By Ali Munday
“I believe that more and more people
are beginning to take control of their own
health care. The best way to fight disease
is to stay well,” said Michael Lenz, independent
pharmacist, former mayor and lifelong
resident of Saratoga Springs.
Three years ago, after seeing many of his
independent colleagues go out of business
due to cuts by insurance companies in prescription
reimbursement rates, Lenz realized
that in order to move his business forward,
he’d have to step back into the past.
He took his existing business, the landmark
Menges & Curtis pharmacy on Broadway
in Saratoga Springs, sold his traditional
prescription business to CVS, and partnered
with Peter Fallon and George Doherty of
Fallon Wellness Pharmacy in Latham to become
Fallon Wellness Pharmacy of Saratoga
— a compounding pharmacy.
Compounding pharmacies make medications from scratch, in the exact strength and dosage required by the patient — which means the compounding pharmacist works with both the patient and their prescriber to customize medications to meet specific needs.
It’s a distinctive niche, different from the big-name pharmacies, (with equally competent pharmacists on staff), but the two aren’t necessarily in competition. It’s not unusual for the independent compounding pharmacy to receive referrals from the chain pharmacies that they are simply unable to fill.
And it’s more likely that when a customer walks into an independent pharmacy, that they will find the owner working right there. Now that Lenz’s business is exclusively a compounding pharmacy, they don’t fill any traditional medication prescriptions.
Instead, the majority of his compounding business in the Saratoga store is in the area of bio-identical hormone replacement therapy (BHRT) for women who are experiencing menopausal symptoms. There’s also a great deal of veterinary compounding for small animals, mainly dogs and cats, but birds, rabbits, and guinea pigs too.
Both Lenz and Peter Fallon are trained in functional medicine, which enables them to work with practitioners and patients through “wellness consultations.”
Customers can complete a detailed questionnaire and, for a fee, consult with them on their particular medical issue. Often, by working with the client’s practitioner, they develop a functional medicine protocol to help them achieve optimal wellness. That may involve nutritional supplementation, diet, and lifestyle changes. Lenz and Fallon frequently see patients to discuss hormonal issues, adrenal fatigue and stress, weight gain, and other chronic disease states.
“The amazing aspect of wellness consultations is that every person is unique, and we approach each consultation with that mind set,” said Lenz. “The reason we have patients fill out a very detailed questionnaire is to allow us to determine the overall picture of their health and wellness. We deal with a matrix of possible issues, because all of our body systems are connected, and to achieve optimal wellness we need to explore all these areas and determine a plan specific for that individual.
“Everyone is complex and unique…areas that may seem unrelated, often are tied together. Functional medicine addresses the underlying causes of disease, using a systemsoriented approach and engages both patient and practitioner in a therapeutic partnership.” How though, can compounding pharmacies evolve and compete with big pharmaceutical companies?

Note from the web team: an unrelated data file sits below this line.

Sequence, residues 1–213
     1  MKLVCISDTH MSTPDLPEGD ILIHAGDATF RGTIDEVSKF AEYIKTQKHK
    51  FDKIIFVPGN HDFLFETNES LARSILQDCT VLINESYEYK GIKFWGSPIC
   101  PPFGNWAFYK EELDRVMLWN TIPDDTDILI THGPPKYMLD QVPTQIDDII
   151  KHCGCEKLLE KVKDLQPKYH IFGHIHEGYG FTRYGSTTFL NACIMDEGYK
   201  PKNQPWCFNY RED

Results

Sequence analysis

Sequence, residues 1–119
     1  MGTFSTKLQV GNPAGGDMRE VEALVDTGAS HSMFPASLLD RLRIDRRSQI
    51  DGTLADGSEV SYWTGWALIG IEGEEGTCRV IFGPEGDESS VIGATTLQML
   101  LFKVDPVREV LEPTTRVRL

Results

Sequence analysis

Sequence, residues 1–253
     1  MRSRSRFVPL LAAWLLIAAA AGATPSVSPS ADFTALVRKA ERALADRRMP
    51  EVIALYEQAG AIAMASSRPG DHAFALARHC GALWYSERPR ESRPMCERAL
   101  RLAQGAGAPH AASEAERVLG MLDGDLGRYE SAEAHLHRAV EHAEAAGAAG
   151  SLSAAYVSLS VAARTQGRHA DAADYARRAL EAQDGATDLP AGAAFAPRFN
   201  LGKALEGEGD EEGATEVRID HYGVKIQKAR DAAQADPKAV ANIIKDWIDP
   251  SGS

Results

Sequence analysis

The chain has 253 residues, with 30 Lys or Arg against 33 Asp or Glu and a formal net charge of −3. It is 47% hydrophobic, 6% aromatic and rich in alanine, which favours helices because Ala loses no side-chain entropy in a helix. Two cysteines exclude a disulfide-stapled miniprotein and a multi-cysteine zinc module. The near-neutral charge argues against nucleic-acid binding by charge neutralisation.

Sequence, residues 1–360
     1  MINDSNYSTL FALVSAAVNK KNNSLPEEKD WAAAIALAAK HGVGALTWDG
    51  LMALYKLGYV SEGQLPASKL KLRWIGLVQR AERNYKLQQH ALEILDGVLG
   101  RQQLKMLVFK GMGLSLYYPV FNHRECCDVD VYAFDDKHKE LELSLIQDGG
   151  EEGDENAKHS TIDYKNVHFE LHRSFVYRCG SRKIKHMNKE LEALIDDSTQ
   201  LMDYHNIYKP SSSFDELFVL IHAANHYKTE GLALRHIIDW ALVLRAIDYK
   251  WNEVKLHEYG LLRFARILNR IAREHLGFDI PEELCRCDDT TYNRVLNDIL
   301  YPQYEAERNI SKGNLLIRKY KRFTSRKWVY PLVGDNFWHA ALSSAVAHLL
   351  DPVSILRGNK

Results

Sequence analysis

“We don’t really compete with ‘big pharma’ at all,” said Lenz. “What we offer is completely different. We market ourselves to practitioners on the compounding part of our business. We offer them solutions to problems they may be having with dosing, dosage forms, flavors, and specific combinations of drugs that just aren’t available commercially. We describe ourselves as problem solvers.”
Fallon Wellness holds seminars at the Saratoga location almost every six weeks. These have focused primarily on BHRT and adrenal fatigue, but in the coming year they plan to offer other seminars, maybe on juicing, detox, and other topics customers have been inquiring about. Last June, they held their first “Healthier You” event, which sold out completely. The day-long event featured experts on BHRT, food as medicine, natural skin care, exercise, and functional medicine. The 2014 event will require a larger venue because of the waiting list.
In addition to Lenz, his Saratoga store employs two full-time pharmacy technicians and a retail manager, as well as several part-time pharmacists. Also, as a teaching pharmacy, a stream of pharmacy students on final rotation from Albany College of Pharmacy pass through this historic store, founded in 1872.
While major renovations were made to create a state-of-the-art compounding lab, the business received an historic preservation award for its resolve and success in blending the Victorian storefront with the new practice.
“Saratoga Springs has historically been known as a place of health, but recently there has been a tremendous surge in our community interest in health and wellness,” said Lenz. “We’ve seen new health food stores open up, farmers markets are thriving, and people are paying more attention to their health than ever before. To be able to offer our unique combination of customized medicine, the highest quality nutritional supplements and skin care formulations, as well as our growing wellness consultation practice is exciting. What we offer is completely unique, and we’ve seen our business grow each year because of positive word of mouth.”
The wellness questionnaire is available in person at either location, and at www.fallonpharmacysaratoga.com or www.fallonpharmacy.com. The Saratoga site features a wellness blog that Lenz writes–with a new topic posted almost weekly. Both websites and their Facebook page contain useful information about health and wellness.
Fallon Wellness Pharmacies are located at 1057 Troy Schenectady Road, Latham and 472 Broadway, Saratoga Springs.